Next, students could be asked to sound like a scientist, historian, or mathematician.
In analyzing how professionals speak, students should be led to recognize that such speech involves longer, more complex sentences and uses higher-level vocabulary than is common in everyday speech.
Students will learn more English when engaged in the action of talking with other students than through typical teacher-directed activities designed solely to deliver content. Language structure, by contrast, refers to the words themselves and how they are strung together into phrases and sentences.
Participation in oral activities has a dual purpose: it develops conceptual understanding and increases language use. Language functions exist in both oral and written communication.
In this chapter, we sort through the research to investigate language functions and structures; highlight what it means for students to use productive accountable talk and "sound like a book"—that is, to express their reasoning using academic language; and show how function, structure, and discourse fit into a framework that will help teachers identify the content-area academic language needed to explicitly teach their students.
Essays On Language Function And Language Type
Language can best be understood as action, rather than form or function alone (Walqui, 2012); students learn to do things with language when they participate in meaningful activities that engage and challenge them.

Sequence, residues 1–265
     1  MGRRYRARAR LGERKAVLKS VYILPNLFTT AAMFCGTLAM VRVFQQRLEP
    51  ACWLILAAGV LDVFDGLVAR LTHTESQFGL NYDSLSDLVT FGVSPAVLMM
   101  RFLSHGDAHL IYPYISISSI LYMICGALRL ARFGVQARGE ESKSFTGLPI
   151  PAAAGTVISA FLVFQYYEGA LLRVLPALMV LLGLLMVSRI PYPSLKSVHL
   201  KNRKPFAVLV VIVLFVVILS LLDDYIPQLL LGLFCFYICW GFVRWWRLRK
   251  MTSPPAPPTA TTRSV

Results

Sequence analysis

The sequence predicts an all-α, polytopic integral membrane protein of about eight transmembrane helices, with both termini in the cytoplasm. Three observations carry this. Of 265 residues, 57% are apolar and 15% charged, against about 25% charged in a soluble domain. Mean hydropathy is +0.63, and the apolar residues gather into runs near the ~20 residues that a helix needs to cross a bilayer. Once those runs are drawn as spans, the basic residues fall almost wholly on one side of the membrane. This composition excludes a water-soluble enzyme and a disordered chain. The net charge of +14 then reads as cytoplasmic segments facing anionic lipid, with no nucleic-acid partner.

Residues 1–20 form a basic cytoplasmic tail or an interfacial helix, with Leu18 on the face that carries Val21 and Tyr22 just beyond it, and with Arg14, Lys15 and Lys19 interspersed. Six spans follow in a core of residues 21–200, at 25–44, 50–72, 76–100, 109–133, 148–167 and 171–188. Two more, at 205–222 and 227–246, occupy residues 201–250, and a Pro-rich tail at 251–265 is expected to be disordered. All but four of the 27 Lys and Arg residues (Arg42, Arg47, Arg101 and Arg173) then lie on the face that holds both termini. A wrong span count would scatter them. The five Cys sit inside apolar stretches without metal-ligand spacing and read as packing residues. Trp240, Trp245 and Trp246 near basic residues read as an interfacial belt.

When we ask students to use the language of science, history, or math, we're asking them to "sound like a book." Students may initially need to have their learning scaffolded.
Teachers can first ask students to verbalize something as if they were their parents or as if they were the principal.
Subject: Social Studies Content Objective: To understand the period of the 1920s and the women's rights movement Language Objective: To learn contractions in order to make comparisons Because students will be comparing what women could and couldn't do—and what they did and didn't do—in the 1920s, they will need the language function of comparing. The language objective is to learn contractions in order to make comparisons.
Conversational language differs from academic language. Conversational language is the informal, chatty way of talking that students use with family and friends, whereas academic language is language used at school and characterized by longer, more complex sentences that contain vocabulary less frequently heard than the vocabulary in everyday spoken English.